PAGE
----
In the first leg at New England, SKC won the possession battle 62.1 percent to 37.9 percent and generated 13 shots, four of which were on target. But its only goal came from defender Aurelien Collin during a scramble, and since the departure to England by Kei Kamara -- who scored twice in a 3-0 SKC defeat of the Revs Aug. 10 -- SKC has lacked his unpredictable, unorthodox approach that draws attention away from Graham Zusi and the other attackers.

Head coach Peter Vermes has used Dom Dwyer, Soony Saad, C.J. Sapong and Teal Bunbury to limited success. (Top scorer Diego Bieler didn't even dress Saturday.) Someone must provide impetus on the forward line to open up the field for Zusi and the other midfielders. Outside backs Seth Sinovic and Chance Myers can get forward effectively in the right situations.

Once again, all the pressure is on SKC. The Revs, who have won four straight, are playing with house money. When Kelyn Rowe, Lee Nguyen and Juan Agudelo are in the mood, as they were Saturday night, even an experienced back line that includes Collin and U.S. international Matt Besler must be in lockdown mode.

REVS TO THE RESCUE. A game of 90 minutes can be decided by a few big plays, and in the first leg New England made them.

Nguyen chested a shot off the goal line with keeper Matt Reis beaten. Rowe scored the decisive second goal sublimely with the outside of his right foot. Reis preserved the victory with a flying save on Dwyer in the final seconds.

SKC protested vehemently that the first Revs’ goal, tapped in by Andy Dorman after a saved shot had rebounded off Agudelo, should have been disallowed for offside. Replays indicated a very close situation where Dorman was either level or just ahead of Agudelo, and thus the ball, when it came off Agudelo’s chest. The goal stood, and 13 minutes later, Rowe glided through the goalmouth to steer home Nguyen’s pass for the goal SKC couldn’t match.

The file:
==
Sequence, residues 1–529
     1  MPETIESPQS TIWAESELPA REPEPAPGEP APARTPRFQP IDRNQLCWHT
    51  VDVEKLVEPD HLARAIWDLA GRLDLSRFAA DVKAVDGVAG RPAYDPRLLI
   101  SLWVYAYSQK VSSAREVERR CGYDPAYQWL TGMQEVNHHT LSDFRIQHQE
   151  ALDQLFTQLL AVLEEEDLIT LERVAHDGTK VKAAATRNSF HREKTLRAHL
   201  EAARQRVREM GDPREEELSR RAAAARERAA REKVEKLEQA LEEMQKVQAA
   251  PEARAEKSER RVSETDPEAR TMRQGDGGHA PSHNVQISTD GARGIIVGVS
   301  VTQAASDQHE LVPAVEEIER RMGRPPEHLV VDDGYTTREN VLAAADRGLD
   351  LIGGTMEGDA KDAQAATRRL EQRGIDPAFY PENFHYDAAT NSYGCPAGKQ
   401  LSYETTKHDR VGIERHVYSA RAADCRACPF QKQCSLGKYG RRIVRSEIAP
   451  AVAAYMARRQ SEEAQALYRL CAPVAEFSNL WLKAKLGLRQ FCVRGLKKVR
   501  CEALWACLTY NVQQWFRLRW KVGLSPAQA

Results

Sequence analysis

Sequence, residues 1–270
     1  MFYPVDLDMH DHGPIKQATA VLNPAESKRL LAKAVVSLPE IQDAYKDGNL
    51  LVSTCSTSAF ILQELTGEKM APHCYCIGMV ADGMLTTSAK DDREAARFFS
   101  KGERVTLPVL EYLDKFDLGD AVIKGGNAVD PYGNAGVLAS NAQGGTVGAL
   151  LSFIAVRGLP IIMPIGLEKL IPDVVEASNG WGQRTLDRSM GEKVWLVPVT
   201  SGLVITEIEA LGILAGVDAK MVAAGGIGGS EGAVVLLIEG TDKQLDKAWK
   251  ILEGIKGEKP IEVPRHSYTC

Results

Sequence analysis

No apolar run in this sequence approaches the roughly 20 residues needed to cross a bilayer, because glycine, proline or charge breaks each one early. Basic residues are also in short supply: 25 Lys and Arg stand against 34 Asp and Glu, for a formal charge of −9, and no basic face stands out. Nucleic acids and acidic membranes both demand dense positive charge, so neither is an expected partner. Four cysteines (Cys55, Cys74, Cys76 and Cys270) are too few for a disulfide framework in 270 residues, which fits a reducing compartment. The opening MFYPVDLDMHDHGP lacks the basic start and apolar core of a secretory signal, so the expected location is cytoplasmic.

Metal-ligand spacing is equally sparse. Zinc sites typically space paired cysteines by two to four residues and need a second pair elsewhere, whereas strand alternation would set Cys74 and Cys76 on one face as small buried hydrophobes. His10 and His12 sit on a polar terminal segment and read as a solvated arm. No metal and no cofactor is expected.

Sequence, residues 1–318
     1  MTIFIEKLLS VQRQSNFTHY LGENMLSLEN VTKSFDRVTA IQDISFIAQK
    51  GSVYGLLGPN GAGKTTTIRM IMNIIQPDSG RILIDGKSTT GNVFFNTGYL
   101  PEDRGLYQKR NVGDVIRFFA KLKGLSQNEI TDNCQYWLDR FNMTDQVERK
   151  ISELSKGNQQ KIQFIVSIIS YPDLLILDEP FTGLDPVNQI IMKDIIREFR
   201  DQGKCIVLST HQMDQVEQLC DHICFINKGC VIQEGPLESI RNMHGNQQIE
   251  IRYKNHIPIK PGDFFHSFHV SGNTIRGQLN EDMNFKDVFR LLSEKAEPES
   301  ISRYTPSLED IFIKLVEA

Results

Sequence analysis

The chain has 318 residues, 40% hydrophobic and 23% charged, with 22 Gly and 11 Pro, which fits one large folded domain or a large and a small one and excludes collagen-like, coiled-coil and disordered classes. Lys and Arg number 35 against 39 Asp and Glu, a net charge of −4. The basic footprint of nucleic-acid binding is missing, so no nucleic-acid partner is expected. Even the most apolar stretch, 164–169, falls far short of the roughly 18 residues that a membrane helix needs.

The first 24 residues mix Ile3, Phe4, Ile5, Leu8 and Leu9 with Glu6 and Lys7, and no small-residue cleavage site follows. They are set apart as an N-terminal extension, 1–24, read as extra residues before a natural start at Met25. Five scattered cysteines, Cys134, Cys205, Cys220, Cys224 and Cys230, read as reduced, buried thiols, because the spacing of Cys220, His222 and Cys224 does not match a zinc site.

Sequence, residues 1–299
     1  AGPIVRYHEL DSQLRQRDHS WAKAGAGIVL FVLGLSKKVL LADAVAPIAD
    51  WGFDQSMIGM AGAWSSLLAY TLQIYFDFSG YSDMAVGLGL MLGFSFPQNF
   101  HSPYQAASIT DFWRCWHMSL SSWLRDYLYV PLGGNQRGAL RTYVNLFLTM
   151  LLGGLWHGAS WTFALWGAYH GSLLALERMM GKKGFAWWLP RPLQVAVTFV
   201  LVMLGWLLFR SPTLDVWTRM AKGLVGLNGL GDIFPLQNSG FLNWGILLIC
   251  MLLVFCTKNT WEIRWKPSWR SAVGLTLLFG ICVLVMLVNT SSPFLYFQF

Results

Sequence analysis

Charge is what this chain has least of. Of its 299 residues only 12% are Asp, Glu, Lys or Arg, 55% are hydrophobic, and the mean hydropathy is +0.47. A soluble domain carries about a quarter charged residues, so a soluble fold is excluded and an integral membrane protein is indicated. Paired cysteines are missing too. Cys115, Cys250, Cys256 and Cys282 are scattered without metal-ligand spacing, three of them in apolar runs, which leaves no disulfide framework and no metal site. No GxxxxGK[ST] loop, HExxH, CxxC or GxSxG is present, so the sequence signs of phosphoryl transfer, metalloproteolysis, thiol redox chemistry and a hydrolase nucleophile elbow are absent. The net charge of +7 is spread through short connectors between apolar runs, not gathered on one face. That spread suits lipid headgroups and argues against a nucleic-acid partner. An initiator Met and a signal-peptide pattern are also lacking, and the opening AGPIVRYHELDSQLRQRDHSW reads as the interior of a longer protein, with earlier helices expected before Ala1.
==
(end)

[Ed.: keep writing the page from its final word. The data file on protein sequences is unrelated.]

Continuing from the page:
Backed in the second leg by its rowdy fans at Sporting Park, SKC can hope to get the benefit of close refereeing decisions. It his certainly a good enough team to win by the two-goal margin it needs to prevail. Yet it must make plays at critical moments to reverse two seasons of playoff disappointments.


4 comments
  1. I w Nowozeniuk
    commented on: November 5, 2013 at 10:41 a.m.
    IMHO, teams that execute and play simple are tough to beat. Fortunately, MLS TEAMS don't execute well on both sides of the ball, and that, amici sportivi, makes it a toss-up in the second leg. As for the refereeing, that's another story in itself.

  1. Bruce Gowan
    commented on: November 5, 2013 at 12:48 p.m.
    I am happy that the MLS playoffs are televised but I hate watching soccer played on a football field. The football markings are a distraction that is bothersome to me. Soccer in the US needs to grow up and demand fields that are not marked for another sport. I will reluctantly accept that artificial turf fields are here to stay but I can never accept football markings.

  1. Daniel Clifton
    commented on: November 5, 2013 at 1:17 p.m.
    I hate the football marked field, it is very distracting

  1. Gerald Kettler
    commented on: November 5, 2013 at 4:47 p.m.
    Soccer played on any type of synthetic turf is a insult to the game !When is the knew soccer stadium in new england going to be ready ?with krafts $ it should be no problem !The football marked field also stinks !